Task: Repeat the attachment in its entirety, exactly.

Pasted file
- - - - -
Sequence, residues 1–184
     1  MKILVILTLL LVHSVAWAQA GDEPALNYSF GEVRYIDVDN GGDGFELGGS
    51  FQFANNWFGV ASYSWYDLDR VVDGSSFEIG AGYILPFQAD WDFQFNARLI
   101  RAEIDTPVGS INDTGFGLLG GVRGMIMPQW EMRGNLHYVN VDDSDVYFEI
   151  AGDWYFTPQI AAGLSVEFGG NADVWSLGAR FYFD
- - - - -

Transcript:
Sequence, residues 1–184
     1  MKILVILTLL LVHSVAWAQA GDEPALNYSF GEVRYIDVDN GGDGFELGGS
    51  FQFANNWFGV ASYSWYDLDR VVDGSSFEIG AGYILPFQAD WDFQFNARLI
   101  RAEIDTPVGS INDTGFGLLG GVRGMIMPQW EMRGNLHYVN VDDSDVYFEI
   151  AGDWYFTPQI AAGLSVEFGG NADVWSLGAR FYFD